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The threats posed by air pollution and climate change have resulted in considerable public debate about forest condition and growth during the past two decades. Despite the massive input ofresearch resources, no clear answers have been found to these global questions. Although there have been substantial advances in our knowledge of the effects of air pollutants on the forests, many of the questions associated with forest condition are still open. Monitoring of forest condition at the national level started in Finland in 1985 in accordance with the methodology drawn up by the International Co-operative Programme on Assessments and Monitoring of Air Pollution Effects on Forests (ICP Forests, UN/ECE). Since then, research into forest condition and vitality has been one of the key areas in the research carried out by the Finnish Forest Research Institute. Three basic questions formed the starting point for the multidisciplinary, Forest Condition Research Programme: What changes are taking place in our forests? Why does forest condition vary, and why do trees appear to be suffering? How can forest condition be maintained through appropriate forest management? This report covers forest condition and changes in environmental factors on the of the latest findings, publications and expertise of researchers participated in basis the Forest Condition Research Programme. In addition to researchers from the Finnish Forest Research Institute, a large number of scientists from domestic and foreign universities and research institutes also made a considerable contribution to the research programme.
Can We Live Forever? addresses the modern debate about 'The Life Extension Project' that results from revolutions (actual and predicted) in bio-medicine, transplantation, cosmetic surgery, genetic counseling, stem cell research, cryonics, cloning and so forth that cumulatively promise to deliver eternal life or at least prolongevity. In an engaging and thought-provoking work, the author traces the rise of the Life Extension Project and its claims against an intellectual background of recent analyses of 'waste', sustainable environments and complexity theory. Although there has been much discussion of increasing life expectancy, this book looks at a range of additional issues: the religious implications of life extension; the psychological consequences, such as ennui; the negative global social and economic factors; the problems of intergenerational justice. The possible benefits and adverse consequences of living forever are fully explored in this illuminating text, offering substance to social scientists working on ageing and demographic change, philosophers interested in questions of continuity and identity, theologians concerned with secular changes in the life course, as well as the general reader.
This book draws together contributions from forest economists in the Research Triangle of North Carolina, with co-authors from institutions around the world. It represents our common belief that rigorous empirical analysis in an economic framework can inform forest policy. We intend the book as a guide to the empirical methods that we have found most useful for addressing both traditional and modem areas of concern in forest policy, including timber production and markets, multiple use forestry, and valuation of non-market benefits. 'The book editors and most chapter authors are affiliated with three institutions in the Research Triangle: the Southern Research Station of the USDA Forest Service (K. Abt, Butry, Holmes, Mercer, Moulton, Prestemon, Wear), the Department of Forestry at North Carolina State University (R. Abt, Ahn, Cubbage, Sills), and the Environmental and Natural Resource Economics Program of Research Triangle Institute (Murray, Pattanayak). Two other Triangle institutions are also represented among the book authors: Duke University (Kramer) and the Forestland Group (Zinkhan). In addition to our primary affiliations, many of us are adjunct faculty and/or graduates of Triangle universities. Many of our co-authors also graduated from or were previously affiliated with Triangle institutions. Thus, the selection of topics, methods, and case studies reflects the work of this particular network of economists, and to some degree, our location in the southeastern United States. However, our work and the chapters encompass other regions of the United States and the world, including Latin America and Asia.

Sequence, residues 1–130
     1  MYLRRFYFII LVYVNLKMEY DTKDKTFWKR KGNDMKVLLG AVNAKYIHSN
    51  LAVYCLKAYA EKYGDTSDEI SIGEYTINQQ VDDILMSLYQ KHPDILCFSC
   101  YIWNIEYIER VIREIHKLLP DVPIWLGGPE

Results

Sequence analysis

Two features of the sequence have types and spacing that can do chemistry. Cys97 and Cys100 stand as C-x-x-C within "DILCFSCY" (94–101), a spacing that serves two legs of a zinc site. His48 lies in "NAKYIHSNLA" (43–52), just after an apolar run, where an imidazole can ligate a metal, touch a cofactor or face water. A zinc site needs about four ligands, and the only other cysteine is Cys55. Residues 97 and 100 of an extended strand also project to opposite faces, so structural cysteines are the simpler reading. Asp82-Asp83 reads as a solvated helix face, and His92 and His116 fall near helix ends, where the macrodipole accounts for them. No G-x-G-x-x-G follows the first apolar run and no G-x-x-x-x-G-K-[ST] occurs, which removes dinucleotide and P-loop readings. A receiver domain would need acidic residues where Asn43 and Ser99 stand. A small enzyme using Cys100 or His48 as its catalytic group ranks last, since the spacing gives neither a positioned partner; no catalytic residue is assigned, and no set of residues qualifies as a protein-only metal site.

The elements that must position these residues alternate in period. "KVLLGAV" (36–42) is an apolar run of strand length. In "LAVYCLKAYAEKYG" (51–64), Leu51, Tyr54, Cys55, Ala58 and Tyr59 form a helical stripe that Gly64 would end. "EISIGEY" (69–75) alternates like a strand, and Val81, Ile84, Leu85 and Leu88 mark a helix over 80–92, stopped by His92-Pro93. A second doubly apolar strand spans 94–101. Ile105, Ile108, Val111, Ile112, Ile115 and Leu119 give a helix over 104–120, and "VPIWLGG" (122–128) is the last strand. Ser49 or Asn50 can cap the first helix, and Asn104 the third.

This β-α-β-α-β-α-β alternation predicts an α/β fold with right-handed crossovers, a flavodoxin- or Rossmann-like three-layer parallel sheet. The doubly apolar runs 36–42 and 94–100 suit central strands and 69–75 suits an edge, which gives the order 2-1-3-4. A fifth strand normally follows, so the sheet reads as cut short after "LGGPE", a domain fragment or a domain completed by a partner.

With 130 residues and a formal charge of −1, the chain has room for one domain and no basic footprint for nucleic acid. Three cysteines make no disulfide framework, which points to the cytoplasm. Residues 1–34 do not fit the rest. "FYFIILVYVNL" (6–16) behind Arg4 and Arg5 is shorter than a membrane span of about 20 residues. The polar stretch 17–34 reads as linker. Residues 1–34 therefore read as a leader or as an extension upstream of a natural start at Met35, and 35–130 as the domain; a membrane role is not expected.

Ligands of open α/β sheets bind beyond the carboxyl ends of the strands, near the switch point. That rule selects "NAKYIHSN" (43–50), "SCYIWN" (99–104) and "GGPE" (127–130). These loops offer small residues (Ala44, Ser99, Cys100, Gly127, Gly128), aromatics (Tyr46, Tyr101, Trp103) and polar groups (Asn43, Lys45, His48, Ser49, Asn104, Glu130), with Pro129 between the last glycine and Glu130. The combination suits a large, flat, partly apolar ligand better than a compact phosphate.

When the mysterious Mandarin tries to steal a priceless jewel, only the armor-clad Invincible Iron Man can stop him. Boys and girls ages 2 to 5 will love this action-packed Little Golden Book.
Ages 10-14 Cassie knows she is meant to be a professional singer. So it only makes sense that she should attend the prestigious--and expensive--School for the Performing Arts. Unfortunately, her newly divorced parents don't agree. "Too expensive," her mom says. "A waste of time," her dad says. Then, just when Cassie begins to lose all hope of making her dream come true, she discovers an unlikely ally--her mother's new boyfriend. There's only one problem: Cassie can't stand the man!
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